Journal Article

Methadone Conversion to EDDP during GC-MS Analysis of Urine Samples*

F. Roark Galloway and Neal F. Bellet

in Journal of Analytical Toxicology

Volume 23, issue 7, pages 615-619
Published in print November 1999 | ISSN: 0146-4760
Published online November 1999 | e-ISSN: 1945-2403 | DOI: http://dx.doi.org/10.1093/jat/23.7.615
Methadone Conversion to EDDP during GC-MS Analysis of Urine Samples*

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During validation of a gas chromatography—mass spectrometry (GC-MS) method for the methadone metabolite 2-ethylidine-1, 5- dimethyl-3, 3-diphenylpyrrolidine (EDDP), it was noted that detectable levels of EDDP were found during analysis of extracts from drug-free urine samples spiked with methadone. Different amounts of EDDP were detected by GC-MS during confirmation analysis; however, levels consistently exceeded 50 ng/mL at methadone concentrations > 10,000 ng/mL. Quantitation of EDDP was determined by the addition of EDDP-d3 to methadone-spiked urine samples. Subsequent analysis of methadone-spiked urine extracts by high-performance liquid chromatography (HPLC) indicated no EDDP as a result of contaminated standard or conversion during solid-phase extraction. Reducing the GC injector-port temperature from 260°C to 180°C reduced the observed EDDP concentration in one sample from 201 ng/mL to 53 ng/mL at the initial methadone concentration of 10,000 ng/mL. These results indicate GC injector-port temperature induces thermal conversion of methadone to EDDP as an artifact. When confirmation of methadone and EDDP is critical to determining individual compliance with maintenance programs, alternative chromatographic methods (e.g., capillary electrophoresis, HPLC, or liquid chromatography-mass spectrometry) should be considered.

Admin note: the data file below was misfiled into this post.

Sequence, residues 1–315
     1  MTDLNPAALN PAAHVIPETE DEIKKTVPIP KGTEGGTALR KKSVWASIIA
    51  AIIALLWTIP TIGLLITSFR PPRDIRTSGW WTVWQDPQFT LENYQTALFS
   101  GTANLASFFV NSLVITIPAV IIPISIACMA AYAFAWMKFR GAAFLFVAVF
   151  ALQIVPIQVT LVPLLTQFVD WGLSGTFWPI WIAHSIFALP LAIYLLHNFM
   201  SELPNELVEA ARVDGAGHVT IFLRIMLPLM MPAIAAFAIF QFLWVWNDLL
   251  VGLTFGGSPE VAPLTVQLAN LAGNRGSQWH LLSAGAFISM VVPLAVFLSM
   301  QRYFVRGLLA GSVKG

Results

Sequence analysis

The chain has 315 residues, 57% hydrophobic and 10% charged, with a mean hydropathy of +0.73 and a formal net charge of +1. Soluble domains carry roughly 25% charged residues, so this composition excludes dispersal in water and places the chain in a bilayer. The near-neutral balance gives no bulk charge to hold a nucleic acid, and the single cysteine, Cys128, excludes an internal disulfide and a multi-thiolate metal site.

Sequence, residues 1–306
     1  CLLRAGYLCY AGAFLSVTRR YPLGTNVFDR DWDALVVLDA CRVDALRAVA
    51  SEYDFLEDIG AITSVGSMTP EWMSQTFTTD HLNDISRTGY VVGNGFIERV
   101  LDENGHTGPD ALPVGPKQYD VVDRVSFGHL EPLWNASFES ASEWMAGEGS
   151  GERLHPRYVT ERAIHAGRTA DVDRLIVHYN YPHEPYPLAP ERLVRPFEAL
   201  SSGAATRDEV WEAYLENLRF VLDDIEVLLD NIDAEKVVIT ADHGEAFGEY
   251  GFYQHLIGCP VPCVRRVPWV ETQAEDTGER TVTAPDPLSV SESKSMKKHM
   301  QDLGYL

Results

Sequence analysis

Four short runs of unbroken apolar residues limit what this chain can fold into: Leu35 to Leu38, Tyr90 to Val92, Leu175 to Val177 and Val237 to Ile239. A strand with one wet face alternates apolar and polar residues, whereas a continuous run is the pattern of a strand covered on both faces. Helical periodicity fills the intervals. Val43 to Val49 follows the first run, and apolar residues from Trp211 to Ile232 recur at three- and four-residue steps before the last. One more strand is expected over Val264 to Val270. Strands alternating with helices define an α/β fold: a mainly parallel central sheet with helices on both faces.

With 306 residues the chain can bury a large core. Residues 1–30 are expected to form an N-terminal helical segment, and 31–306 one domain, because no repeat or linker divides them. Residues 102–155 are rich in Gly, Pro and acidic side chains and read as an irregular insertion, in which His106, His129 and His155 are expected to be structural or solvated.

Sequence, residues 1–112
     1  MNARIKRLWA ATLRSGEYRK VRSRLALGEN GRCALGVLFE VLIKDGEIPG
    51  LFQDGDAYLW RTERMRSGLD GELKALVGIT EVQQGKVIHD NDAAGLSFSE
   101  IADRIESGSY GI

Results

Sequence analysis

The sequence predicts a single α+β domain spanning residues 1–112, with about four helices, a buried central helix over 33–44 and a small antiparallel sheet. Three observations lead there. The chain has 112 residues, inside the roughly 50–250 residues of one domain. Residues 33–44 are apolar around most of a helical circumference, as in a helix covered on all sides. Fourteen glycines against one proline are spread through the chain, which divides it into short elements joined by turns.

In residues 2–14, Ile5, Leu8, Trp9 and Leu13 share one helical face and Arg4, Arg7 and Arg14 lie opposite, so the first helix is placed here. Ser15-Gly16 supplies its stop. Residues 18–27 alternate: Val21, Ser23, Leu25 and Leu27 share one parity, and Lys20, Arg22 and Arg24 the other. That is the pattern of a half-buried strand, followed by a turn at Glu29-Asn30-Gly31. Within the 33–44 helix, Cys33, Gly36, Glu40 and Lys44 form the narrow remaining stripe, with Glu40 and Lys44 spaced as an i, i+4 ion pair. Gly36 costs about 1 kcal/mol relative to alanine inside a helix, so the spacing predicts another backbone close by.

Journal Article.  0 words. 

Subjects: Medical Toxicology ; Toxicology (Non-medical)

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